I don't think it's necessary made me a better player, nor do I think the 5 strings I've generally played have held me back or hampered me in any way. It has forced me to woodshed heavily, though, and allowed me to play a lot of music that was otherwise not playable with my standard instrument. I play a lot of classical and flamenco, though, so it may not have the same effect on you.
     
  8. Showdown

    Showdown Supporting Member

    Jan 21, 2002
    Honolulu, Hawaii
  9. If I'm not mistaken, the intent of the tuning of a guitar (EADGBE) is for the voicing of chords more than the actual playing of scales.

    From a scale perspective, EADGCF makes much more sence as another poster stated, the patterns are the same no matter which octive you chose to play them.

    But to each his own I guess.
    I only play a 5 at most, try to play 4 when ever I can.
     
  10. WoodyG3

    WoodyG3

    May 6, 2003
    Colorado, USA
    That's exactly why some Jazz musicians who want to play chords on the bass will tune EADGBE on their 6-string basses.
     
  11. bucephylus

    bucephylus Supporting Member Commercial User

    Aug 18, 2002
    General Manager TecPadz LLC
    If you play it musically, who really cares?

    The result is more important than the dogma.

    One thing a 6 does is open up a lot of chordal possibilities. That tuning would possibly be an advantage for approaching chord melodies etc. However, I don't think you will make much use of it for Motown. Tunings are relative. Choose your tunings based on what you need to play, not based on dogma. My 2c.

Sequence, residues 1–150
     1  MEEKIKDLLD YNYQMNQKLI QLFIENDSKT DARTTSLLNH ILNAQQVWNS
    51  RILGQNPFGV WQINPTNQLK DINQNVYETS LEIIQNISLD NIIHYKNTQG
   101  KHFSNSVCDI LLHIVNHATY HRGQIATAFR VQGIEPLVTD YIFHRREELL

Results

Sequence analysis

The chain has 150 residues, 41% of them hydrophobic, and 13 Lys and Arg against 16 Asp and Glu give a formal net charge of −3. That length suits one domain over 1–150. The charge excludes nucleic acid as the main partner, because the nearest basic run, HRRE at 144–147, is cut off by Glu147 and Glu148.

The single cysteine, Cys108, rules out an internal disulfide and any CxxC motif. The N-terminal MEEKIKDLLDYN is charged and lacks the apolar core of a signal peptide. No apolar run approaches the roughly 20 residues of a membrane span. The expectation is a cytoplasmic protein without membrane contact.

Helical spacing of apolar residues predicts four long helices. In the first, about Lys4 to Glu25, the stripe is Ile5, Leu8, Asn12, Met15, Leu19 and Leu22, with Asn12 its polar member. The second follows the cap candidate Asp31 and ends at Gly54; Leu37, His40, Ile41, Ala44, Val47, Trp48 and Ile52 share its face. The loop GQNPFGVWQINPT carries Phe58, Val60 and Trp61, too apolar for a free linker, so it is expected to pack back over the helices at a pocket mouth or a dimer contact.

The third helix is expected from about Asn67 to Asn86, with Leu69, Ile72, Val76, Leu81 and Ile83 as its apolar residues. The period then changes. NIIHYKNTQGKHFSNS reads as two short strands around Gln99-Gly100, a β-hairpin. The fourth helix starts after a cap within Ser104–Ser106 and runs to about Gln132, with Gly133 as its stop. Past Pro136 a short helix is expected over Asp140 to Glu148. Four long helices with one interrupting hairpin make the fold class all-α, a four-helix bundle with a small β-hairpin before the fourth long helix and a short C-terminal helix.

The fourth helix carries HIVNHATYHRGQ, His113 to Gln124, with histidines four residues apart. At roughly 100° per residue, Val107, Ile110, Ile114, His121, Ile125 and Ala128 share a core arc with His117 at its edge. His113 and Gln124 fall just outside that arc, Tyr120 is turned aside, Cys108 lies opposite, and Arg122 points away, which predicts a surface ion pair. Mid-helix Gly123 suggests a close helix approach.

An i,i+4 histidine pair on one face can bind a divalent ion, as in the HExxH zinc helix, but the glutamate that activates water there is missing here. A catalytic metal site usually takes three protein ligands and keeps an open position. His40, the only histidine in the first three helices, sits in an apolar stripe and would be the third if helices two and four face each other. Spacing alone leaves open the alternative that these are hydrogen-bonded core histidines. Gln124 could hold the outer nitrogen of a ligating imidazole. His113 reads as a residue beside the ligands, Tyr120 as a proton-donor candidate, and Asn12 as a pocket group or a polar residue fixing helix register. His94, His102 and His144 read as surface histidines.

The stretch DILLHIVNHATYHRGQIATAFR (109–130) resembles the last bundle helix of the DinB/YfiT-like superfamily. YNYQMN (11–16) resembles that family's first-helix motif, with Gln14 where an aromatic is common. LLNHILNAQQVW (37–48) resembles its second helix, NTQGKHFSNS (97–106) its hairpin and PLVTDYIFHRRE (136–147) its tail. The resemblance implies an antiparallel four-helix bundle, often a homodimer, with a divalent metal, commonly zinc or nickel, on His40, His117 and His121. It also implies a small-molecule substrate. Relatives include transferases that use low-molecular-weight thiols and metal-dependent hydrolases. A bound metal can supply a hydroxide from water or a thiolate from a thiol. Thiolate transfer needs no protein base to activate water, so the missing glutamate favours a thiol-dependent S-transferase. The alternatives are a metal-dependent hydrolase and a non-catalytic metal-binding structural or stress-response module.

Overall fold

12. BillyB_from_LZ

    BillyB_from_LZ Supporting Member

    Sep 7, 2000
    Chicago
    In Tim Bogert's video he said that he tunes his 6 string like that because he likes to play chords and it works for millions of guitarists....
     
  13. Angus

    Angus Supporting Member

    Apr 16, 2000
    Palo Alto, CA
    The advantage of having a 6 string tuned EADGBE versus EADGCF is taken away if you aren't using chords spaning the strings (ie, using the lowest two strings)- it primarily helps bar chords, as otherwise if a note on the low E is taken as the root, you might be playing the b6 and b9 on the highest strings, and the b9 in particular is not friendly in most circumstances. If you are just playing 3/4 note chords on the highest 4 strings, the advantage is completely wiped away, and it actually makes it more difficult as you are adding an extra fret's worth is stretch to reach higher notes.
     
  14. Mark Wilson

    Mark Wilson Supporting Member

    Jan 12, 2005
    Toronto, Ontario
    Endorsing Artist: Elixir® Strings
    I believe JT has his basses strung like a 7 string guitar.

    BEADGBE
     
  15. de la mocha

    de la mocha

    Aug 20, 2005
    NEW JERSEY
    I like EADGBE so I can do Arpeggios better and play the single notes of chords, but as far as chords themselves, I don't do that. Plus, this book I bought shows scales and modes for guitars on all 6 strings. I couldn't find a bass book on scales so I decided to string my bass up like a guitar to do the scales in the book.

    The outcome is very, very funky bass lines!
     
  16. NickyBass

    NickyBass Supporting Member

    Nov 28, 2005
    Southern New Jersey
    If you find that it's helping then that's great.

    However, I find that playing scales in two octaves on a 4 string is more helpful in helping you learn the fretboard. I find that shifting as you go up the neck helps you in the higher range. There is no reason that you can't use this tuning, but remember to practise scales in several positions on the neck.
     

Share This Page